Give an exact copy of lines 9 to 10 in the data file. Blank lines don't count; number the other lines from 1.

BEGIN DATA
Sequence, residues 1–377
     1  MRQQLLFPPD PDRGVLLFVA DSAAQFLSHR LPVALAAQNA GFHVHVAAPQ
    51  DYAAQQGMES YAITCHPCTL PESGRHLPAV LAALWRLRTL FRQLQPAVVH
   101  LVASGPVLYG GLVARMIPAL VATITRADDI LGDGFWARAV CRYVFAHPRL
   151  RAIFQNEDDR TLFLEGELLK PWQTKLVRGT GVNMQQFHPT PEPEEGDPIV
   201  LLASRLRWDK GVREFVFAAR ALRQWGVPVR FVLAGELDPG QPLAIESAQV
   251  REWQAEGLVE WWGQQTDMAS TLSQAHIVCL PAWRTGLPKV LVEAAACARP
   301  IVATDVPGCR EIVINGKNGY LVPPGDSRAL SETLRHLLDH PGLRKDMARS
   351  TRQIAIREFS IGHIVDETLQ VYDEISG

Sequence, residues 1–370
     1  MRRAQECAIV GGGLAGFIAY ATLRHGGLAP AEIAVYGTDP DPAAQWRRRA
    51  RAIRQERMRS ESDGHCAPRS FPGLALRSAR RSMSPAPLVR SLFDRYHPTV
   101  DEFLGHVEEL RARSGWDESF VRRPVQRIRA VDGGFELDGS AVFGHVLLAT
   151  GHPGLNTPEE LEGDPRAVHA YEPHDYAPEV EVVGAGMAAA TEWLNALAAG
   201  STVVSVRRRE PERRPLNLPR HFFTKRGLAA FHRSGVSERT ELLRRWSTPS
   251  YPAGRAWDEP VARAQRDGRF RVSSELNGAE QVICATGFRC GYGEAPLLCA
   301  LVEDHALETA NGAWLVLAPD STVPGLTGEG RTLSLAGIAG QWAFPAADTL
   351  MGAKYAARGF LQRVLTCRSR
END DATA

   351  TRQIAIREFS IGHIVDETLQ VYDEISG

Sequence, residues 1–370